Are You Watching Closely?

Last night I went to see David Copperfield at the MTS Centre here in Winnipeg.

Bit of background for you folks who don’t know me. I’m a big-time magic geek. I love the stuff. Back in University, I used to perform professionally, and I was pretty good. Then the arthritis set into my hands, and a lot of the things that I loved doing just weren’t possible any more, and I let my practice slide.

Recently, I’ve started trying to get back into the hobby. Y’know what? It’s not a hobby. It’s a craft, and an art, every bit as challenging and respectable as acting or painting or writing. Anyway, I started trying to get back into it. I’ve been picking my effects carefully, based on what I can and can’t do with my hands, and I’ve started practicing with cards and coins and sponge balls to increase my finger strength, flexibility, and dexterity. They’re never going to be what they were, but they’re getting better.

So, that lets you know where I’m coming from when I talk about David Copperfield, which is the point. I’ve got some knowledge of the inner workings of magic, and some ability to judge technical expertise.

And my conclusion is that the man is good.

Technically, he’s tight in his workings, and clean in his handlings. He is very crafty when it comes to handling the dirty work of the various effects. His show runs very smoothly, and any gaffes (and I didn’t spot any) are quickly handled.

But what really makes him shine is the way his show is put together.

Every trick is chosen for the power of its effect. Smaller things lead to larger ones. Close-up and parlour effects are mixed into the big stage effects to display a wide range of talent and accomplishment. He even pulled out a floating tissue paper effect from one of his earlier TV specials (which effect I had first seen performed by Kevin James at a magicians’ convention in about 1989). It’s a charming effect that works right up close with a spectator, ending with a fiery transformation of a tissue paper rose into a real rose for the spectator to keep.

And he looks so totally at ease during the entire show. He seems to be having fun, he cracks jokes, often at his own expense, and generally charms the pants off the audience. How charming is he? So charming that none of us minded when he showed us a four-minute video of one of his big escapes down in Las Vegas.

Yeah. I paid $100 for my ticket, and didn’t mind that he showed me a clip from his TV show.

I dunno. I see a lot of negativity about Copperfield in some corners of the magic community. Some people say that he’s all flash and no substance. I think this may be because he represents, in a way, the complete, absolute refinement of one type of magic – the grand illusion show*. There’s been a sort of backlash to that type of magic, first evidenced in Penn & Teller’s revelatory magic act, and then retooled in the David Blaine street magic tradition. Copperfield is seen as kind of “old school,” while Blaine is “new school.” In the middle, you get people like Criss Angel, doing a mix of both, with a more modern persona.

But magic is a HUGE space in which to work. Along with these household names, you find less-well-known but perhaps more influential magicians like Max Maven, Eugene Burger, Tony Andruzzi, The Amazing Jonathon, and Jeff McBride. Kreskin and Larry Becker and Lee Earle and Banachek work in the niche of mentalism. Tom Mullica does an amazing (and somewhat nauseating) routine working with cigarettes. Daniel Garcia and Wayne Houchin have developed a number of absolutely incredible close-up effects, and have even produced an entire deck of special cards that they have created.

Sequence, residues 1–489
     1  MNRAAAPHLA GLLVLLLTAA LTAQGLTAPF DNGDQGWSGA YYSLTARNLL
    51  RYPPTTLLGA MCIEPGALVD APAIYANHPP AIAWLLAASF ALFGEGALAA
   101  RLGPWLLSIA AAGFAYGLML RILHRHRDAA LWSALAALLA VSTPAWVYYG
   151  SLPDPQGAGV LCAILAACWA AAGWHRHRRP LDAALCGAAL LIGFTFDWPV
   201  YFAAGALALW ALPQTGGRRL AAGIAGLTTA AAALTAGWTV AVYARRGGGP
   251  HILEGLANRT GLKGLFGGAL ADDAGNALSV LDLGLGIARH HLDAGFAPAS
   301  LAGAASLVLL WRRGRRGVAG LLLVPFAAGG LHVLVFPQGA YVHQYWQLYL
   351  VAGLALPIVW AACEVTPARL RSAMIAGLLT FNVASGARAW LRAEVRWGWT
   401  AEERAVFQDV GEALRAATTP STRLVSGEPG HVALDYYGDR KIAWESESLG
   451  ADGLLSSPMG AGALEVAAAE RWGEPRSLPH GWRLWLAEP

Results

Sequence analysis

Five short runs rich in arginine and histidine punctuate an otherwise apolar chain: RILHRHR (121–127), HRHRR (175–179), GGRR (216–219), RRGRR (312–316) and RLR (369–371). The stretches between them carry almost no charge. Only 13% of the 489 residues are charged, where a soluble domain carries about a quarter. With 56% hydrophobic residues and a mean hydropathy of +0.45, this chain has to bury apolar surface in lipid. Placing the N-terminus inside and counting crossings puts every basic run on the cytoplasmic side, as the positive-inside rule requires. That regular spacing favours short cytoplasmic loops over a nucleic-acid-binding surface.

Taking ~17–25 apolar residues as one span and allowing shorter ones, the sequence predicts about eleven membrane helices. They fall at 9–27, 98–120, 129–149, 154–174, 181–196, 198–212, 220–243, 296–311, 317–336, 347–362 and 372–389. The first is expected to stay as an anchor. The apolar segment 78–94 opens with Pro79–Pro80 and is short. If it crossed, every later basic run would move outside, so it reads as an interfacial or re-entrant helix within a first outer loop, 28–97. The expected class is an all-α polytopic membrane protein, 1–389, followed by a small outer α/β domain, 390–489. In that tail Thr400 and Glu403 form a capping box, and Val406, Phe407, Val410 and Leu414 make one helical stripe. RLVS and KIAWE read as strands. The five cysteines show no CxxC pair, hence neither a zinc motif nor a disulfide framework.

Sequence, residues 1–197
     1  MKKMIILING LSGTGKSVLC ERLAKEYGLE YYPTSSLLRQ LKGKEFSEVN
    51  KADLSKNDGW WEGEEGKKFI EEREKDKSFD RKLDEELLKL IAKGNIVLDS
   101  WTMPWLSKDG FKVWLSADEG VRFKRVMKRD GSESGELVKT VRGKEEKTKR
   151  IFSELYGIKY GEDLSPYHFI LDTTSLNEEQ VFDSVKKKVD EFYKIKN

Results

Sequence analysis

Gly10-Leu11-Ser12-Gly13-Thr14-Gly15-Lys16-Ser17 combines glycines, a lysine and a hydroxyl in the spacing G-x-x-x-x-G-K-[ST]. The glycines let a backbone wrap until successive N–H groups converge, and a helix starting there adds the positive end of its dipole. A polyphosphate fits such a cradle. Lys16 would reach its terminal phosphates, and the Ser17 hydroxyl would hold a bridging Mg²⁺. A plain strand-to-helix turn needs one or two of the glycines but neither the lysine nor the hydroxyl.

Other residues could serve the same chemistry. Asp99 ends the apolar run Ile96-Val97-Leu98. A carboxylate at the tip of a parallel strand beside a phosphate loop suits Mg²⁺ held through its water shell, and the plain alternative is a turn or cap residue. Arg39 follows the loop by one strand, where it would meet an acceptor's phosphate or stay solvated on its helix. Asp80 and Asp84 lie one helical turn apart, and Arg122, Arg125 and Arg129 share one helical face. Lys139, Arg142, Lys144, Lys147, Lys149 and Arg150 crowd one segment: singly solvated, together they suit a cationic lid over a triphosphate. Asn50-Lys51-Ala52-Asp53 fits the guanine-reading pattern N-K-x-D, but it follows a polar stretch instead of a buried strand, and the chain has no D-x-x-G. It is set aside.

Magic isn’t just one thing, anymore than music is. We’ve got room for the street and the stage and the parlour table.

Wow. That was a bit more of a rant than I had intended. Deep breath time.


Back on topic.

David Copperfield gave us a great show last night, with a mix of well-chosen, high-impact effects. His magic is stunning and his performance is just so much fun. I’m going to try and list the effects he performed now, but I can’t guarantee that I got them all, or got them in the right order.

  • Appearance on stage on a motorcycle.
  • Audience participation “You can’t follow me” trick with clasping of hands.
  • Passing through a steel plate.
  • Dancing borrowed tie.
  • Video of his Fires of Passion straitjacket escape in Las Vegas.
  • Card trick with scorpion.
  • Compression box, where David is squeezed down to hat-box size.
  • Lottery prediction, which finishes with the production of a 1942 Lincoln Convertible**.
  • Floating tissue paper rose production.
  • Vanishing while walking through a giant fan, reappearing in the middle of the audience.
  • Vanishing and reappearing duck in a bucket, with a slow motion repeat.
  • Vanishing 13 audience members, with them reappearing in the audience.

I think that covers it. It was a fun evening. If you enjoy magic, or even just if you don’t hate magic, I recommend the show.

And if you want to learn magic quickly and easily, I find I’m really liking the stuff at Check them out.


*I’m not going to get into a discussion of other illusionists, here. Suffice to say that others at that lofty peak include Sigfried & Roy and Lance Burton.

**I think that’s what he says it was. I don’t know cars.